The Fourth of July: Nationalism and Colonialism


Voices from the Margins

Carol A. Hand

As the date of the quintessential celebration of colonial oppression for Indigenous Peoples in the U.S. approaches, signaled by load explosions in the night, an image from my childhood comes unbidden to mind – a child crouching, head bowed, eyes closed, hands tightly covering ears.

crouching child

Photo Credit: Carol A. Hand

I remember how much I disliked attending these events with my family, surrounded by crowds of people cheering and oohing and aahing in the local park as the symbolic missiles of war blossom like booming “fiery flowers” in the darkened evening sky. I didn’t know the deeper symbolism then for Indigenous Peoples, but the mindless and frenzied fascination of the crowd frightened me. I realize it still does. It brings to mind a story I wrote about my experiences in Missoula, Montana, during the U.S. invasion of Iraq.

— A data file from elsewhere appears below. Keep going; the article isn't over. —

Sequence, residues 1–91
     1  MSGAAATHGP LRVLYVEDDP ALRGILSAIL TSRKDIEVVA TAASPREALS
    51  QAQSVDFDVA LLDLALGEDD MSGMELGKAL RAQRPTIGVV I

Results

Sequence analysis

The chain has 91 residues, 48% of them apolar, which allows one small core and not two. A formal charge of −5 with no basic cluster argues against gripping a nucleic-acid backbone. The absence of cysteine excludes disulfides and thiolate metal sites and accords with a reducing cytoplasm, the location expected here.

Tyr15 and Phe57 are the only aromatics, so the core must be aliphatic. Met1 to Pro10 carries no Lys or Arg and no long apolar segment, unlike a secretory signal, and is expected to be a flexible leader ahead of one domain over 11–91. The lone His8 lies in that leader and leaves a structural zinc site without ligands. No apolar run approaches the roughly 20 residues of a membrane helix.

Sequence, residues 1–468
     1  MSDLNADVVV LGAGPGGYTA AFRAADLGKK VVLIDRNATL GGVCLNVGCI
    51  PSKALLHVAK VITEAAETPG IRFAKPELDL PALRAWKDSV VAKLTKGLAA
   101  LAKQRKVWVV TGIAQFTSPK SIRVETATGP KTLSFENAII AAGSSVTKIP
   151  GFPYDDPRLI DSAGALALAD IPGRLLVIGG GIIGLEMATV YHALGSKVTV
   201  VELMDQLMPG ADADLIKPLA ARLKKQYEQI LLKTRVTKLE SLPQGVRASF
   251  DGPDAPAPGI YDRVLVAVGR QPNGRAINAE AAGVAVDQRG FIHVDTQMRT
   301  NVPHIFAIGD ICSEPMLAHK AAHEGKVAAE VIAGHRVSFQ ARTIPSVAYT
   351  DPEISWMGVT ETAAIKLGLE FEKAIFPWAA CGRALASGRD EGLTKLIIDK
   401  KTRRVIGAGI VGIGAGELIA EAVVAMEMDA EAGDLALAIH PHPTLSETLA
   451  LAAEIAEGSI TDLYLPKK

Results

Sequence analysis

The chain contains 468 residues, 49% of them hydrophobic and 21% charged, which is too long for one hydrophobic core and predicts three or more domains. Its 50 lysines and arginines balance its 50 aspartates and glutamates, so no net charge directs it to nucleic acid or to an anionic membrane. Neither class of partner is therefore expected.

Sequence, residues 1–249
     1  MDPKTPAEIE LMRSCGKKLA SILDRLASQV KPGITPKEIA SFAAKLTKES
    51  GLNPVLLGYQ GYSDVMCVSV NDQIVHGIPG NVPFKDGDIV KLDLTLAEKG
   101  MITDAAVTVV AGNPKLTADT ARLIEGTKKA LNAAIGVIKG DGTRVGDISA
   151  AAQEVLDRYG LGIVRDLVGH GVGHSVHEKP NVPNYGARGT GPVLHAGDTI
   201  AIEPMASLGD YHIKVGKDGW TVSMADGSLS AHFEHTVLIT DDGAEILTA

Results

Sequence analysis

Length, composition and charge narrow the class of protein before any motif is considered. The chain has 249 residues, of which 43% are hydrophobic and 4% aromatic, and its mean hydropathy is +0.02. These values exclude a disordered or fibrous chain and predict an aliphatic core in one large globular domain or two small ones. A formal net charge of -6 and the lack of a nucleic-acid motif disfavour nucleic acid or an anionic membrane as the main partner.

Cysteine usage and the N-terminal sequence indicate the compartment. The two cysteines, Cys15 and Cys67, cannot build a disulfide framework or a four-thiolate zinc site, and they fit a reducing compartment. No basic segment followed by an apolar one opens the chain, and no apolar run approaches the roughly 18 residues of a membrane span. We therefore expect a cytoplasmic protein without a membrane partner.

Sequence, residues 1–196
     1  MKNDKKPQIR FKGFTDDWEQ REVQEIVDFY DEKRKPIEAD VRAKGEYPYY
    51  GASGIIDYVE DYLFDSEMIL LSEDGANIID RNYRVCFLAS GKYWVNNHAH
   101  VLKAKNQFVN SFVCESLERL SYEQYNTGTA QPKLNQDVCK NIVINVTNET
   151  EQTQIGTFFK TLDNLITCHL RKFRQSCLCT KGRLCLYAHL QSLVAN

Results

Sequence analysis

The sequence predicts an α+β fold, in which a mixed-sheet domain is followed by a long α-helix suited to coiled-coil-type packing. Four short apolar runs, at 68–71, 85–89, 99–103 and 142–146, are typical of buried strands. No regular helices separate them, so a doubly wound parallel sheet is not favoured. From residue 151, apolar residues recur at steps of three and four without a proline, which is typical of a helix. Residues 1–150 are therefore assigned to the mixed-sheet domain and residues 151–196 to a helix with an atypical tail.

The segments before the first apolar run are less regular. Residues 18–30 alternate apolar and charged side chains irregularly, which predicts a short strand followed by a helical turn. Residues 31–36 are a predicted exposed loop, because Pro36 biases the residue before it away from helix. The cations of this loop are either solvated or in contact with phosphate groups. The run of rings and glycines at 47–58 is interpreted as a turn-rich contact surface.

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Mount Jumbo montanalandtrusts dot org

Photo Credit: http://www.montanalandtrusts.org/successes/

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2 thoughts on “The Fourth of July: Nationalism and Colonialism

  1. carolahand says:

    Thank you for reblogging this post, Barbara.

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